What is your current "read"?

Duck59

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I've started using this site:

Bookshop

It is, at present, only available in the UK and US, though they are looking at expanding to EU countries. The books are sold through independent bookshops all over the UK, so this is a much better way to support these shops than the evil Amazon empire.
 

Duck59

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There are several books that come into the "how come I haven't read that?" category. One is Machiavelli's The Prince, but I am reading it now.

I can't yet say what I make of it because I have only read the introductions and translation notes thus far. This is a worthwhile exercise; this is a book that has been translated myriad times. The translator of my edition is Tim Parks, an Englishman who has lived in Italy since 1981 and is, to put it mildly, a prolific author. Helpfully, he sets out a few paragraphs from other translations against his own, so you get a sense of how he goes about things.

I wonder if there was ever a more misleading title for a book. There is, no course, no "prince" involved. Its original title, at least in a basic English translation, was On Principalities. And we must also be careful to consider that the norms of the time were rather different to what they are now, although it is always difficult not to view things through a modern perspective.
 

Naillig

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I've only just found this thread. One of the earliest posters shared that they only read when they were eating and so it always took them a long time to read a book. I read the rest of the posts on that page, then went back to reply to that post, but couldn't find it. I wanted to say that I was the same with reading, but a) I couldn't find the post and b) I discovered the thread was started in 2017.

I don't read just when I am eating and I like to have variety in what I read, so have several books on the go, including Tomorrow Will Be a Good Day by Captain Tom Moore, his autobiography. He was the WW2 veteran who became famous by raising money for the NHS by walking round his garden.
 

Duck59

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I've never read Calvino, though I've been intending to get If On A Winter's Night A Traveller one day, so perhaps this should spur me into action. I was, though, reminded that one book I enjoyed was Confessions of Zeno by Italo Svevo. Not, I'd imagine, everybody's cup of tea and no great surprise that Svevo and James Joyce were close. Svevo had a great influence on Joyce and you can see it in this novel.
While it may appear a little odd replying to my own post of some five months ago, there is method in the madness.

I now have a copy of If On A Winter's Night A Traveller and have just started it. I have a minor irritation already, with the publisher rather than the author. Being from the UK, I would use the word "traveller" and that is how it is printed on the cover. However, in the text, we seem to veer between "traveller" and the US spelling "traveler." Surely an organisation as mammoth as Penguin/Random House can manage a little consistency? Evidently not.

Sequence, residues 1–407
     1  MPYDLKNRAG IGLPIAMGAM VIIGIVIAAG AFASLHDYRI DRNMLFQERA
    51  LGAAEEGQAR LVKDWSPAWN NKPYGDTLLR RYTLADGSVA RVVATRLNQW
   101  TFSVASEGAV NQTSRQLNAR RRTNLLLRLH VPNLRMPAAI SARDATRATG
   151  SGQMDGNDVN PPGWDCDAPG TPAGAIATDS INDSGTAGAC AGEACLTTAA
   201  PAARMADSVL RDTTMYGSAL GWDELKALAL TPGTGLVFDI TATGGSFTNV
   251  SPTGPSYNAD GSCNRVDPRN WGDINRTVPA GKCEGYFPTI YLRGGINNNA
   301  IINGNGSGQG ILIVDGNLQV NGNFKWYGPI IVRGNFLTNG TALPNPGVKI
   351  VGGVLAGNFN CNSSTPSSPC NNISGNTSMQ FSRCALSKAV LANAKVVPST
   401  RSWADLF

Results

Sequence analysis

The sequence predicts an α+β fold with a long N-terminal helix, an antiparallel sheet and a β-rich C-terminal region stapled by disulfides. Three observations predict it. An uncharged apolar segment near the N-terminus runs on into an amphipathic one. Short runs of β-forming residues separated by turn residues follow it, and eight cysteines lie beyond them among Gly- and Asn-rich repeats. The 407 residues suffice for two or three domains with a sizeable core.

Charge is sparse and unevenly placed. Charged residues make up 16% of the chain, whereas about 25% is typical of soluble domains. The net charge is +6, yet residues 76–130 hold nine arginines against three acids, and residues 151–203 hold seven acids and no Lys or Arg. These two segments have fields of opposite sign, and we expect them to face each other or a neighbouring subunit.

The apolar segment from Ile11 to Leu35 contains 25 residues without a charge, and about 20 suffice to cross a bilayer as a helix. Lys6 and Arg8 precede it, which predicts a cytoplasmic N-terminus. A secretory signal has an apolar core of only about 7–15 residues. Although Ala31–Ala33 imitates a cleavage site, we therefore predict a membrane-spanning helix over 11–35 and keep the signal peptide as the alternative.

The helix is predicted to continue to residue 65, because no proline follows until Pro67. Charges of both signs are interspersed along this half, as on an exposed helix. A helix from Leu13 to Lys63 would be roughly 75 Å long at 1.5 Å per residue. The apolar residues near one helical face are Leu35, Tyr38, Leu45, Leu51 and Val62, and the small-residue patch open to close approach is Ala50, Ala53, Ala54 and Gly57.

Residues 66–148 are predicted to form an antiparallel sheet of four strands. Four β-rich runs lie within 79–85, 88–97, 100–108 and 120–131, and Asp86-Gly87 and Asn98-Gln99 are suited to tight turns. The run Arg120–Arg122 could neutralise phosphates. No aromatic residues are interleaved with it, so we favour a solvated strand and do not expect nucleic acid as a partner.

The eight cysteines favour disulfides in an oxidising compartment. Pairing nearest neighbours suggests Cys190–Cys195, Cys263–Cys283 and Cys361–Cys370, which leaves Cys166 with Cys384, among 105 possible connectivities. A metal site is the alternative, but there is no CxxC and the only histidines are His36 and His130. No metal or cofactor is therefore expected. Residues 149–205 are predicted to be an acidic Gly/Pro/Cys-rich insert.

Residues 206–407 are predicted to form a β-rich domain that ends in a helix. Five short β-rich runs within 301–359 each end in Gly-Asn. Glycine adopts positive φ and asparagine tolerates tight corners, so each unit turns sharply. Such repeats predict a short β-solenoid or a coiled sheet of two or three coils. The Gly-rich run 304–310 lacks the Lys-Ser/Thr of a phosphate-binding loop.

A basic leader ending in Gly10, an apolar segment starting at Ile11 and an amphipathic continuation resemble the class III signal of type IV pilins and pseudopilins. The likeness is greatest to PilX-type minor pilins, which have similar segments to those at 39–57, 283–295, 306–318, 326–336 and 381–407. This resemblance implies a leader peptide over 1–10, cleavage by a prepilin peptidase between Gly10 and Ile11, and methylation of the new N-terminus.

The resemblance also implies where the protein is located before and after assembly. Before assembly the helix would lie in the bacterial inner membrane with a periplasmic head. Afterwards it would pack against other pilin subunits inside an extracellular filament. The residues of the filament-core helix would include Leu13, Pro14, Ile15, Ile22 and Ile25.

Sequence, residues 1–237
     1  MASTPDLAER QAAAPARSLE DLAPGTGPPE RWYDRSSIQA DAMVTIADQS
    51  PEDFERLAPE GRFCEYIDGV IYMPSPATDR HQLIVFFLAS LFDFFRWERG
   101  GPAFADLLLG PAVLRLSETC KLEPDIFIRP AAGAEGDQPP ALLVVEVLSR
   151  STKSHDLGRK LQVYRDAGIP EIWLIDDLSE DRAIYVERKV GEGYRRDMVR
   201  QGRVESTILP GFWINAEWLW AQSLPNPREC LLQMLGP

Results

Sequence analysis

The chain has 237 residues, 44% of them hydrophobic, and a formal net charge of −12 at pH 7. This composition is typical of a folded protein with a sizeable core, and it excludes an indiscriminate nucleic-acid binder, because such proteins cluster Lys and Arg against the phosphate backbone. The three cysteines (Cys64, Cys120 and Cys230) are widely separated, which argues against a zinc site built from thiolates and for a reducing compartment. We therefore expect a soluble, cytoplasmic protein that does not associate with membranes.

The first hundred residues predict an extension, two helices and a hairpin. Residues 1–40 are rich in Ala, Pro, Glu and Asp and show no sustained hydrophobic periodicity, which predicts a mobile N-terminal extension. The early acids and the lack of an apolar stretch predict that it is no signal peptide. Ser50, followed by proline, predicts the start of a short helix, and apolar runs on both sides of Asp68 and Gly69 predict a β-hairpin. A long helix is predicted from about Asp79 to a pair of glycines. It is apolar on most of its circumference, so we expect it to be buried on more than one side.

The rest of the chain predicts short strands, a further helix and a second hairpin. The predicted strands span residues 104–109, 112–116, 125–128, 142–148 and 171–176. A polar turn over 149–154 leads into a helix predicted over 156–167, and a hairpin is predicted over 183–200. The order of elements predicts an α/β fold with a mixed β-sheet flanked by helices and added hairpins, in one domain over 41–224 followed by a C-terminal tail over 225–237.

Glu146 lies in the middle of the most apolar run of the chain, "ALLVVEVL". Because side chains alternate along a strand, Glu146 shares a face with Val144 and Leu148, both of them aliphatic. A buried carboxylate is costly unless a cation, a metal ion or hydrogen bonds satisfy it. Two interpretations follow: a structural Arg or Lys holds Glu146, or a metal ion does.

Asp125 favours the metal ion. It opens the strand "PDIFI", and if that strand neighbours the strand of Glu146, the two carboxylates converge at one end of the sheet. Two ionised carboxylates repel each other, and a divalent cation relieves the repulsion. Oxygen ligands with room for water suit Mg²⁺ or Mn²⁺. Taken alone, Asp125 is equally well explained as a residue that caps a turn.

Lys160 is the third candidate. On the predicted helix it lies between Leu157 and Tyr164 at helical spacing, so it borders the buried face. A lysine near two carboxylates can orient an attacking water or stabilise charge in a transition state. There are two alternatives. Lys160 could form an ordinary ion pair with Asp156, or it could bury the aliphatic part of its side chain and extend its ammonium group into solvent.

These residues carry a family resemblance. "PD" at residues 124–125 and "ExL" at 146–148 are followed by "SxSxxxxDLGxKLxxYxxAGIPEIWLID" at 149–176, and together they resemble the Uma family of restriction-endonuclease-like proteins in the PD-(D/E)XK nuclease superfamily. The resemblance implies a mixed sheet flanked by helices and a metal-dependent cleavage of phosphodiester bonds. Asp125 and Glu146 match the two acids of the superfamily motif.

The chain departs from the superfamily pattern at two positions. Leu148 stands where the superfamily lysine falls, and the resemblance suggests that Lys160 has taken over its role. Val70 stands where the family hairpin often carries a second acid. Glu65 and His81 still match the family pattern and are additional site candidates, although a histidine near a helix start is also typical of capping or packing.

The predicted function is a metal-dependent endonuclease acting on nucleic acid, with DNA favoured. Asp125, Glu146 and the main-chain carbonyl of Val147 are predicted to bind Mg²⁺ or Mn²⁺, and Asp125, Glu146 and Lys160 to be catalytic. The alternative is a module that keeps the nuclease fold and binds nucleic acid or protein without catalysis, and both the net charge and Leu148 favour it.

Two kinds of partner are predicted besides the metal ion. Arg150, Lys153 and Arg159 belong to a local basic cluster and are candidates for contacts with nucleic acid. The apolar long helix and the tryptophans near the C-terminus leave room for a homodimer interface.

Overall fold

Having got that out of the way, perhaps I can now move on and enjoy the novel.
 

Morning Glory

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they only read when they were eating and so it always took them a long time to read a book.

Might have been me.

BTW was it you who posted about cooking rice pudding on the hob without messy washing up? If so I think I have your solution.
 

Duck59

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Not that I've read the book for some time, but I was reminded of the classic work Diary of a Nobody the other day. The protagonist is, of course, Mr Pooter. His wife is named Carrie and one of his neighbours is a Mr Cummings, with whom he has a disagreement at one stage.

Life, art. Who can distinguish?
 

TastyReuben

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I'm re-reading a Bill Bryson book, and he always has the most succinct little quotes, and many times not flattering at all, but that's part of his charms.

This morning's made me laugh a little:

"Eating in Sweden is really just a series of heartbreaks."
 

Rocklobster

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I have a bit of an attention deficite disorder..can't get into stories or novels, so I read other types of books.
Right now I am re reading Ekhart Tolle The Power of Now...helps me change my thinking patterns and keeps me from delving into negativity...you can read a page or two and put it down for a while..there is no plot or it isn't progressive or anything you really have to remember..according to my GF, paying attention isn't one of my strong qualities..
 
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Duck59

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I've got to the last of the Wodehouse Blandings novels, as far as I can tell anyway. In many ways, they are all pretty much the same. Chap wants to marry girl but has no money, well-meaning old buffer (sometimes Gally but this time Uncle Fred) gets involved, people impersonate other people, someone tries to steal Lord Emsworth's pig, etc. You sometimes get the feeling that if a modern author tried the same tricks, they would be criticised for simply repeating an old formula, but somehow it works for Wodehouse and he rarely fails to amuse.
 
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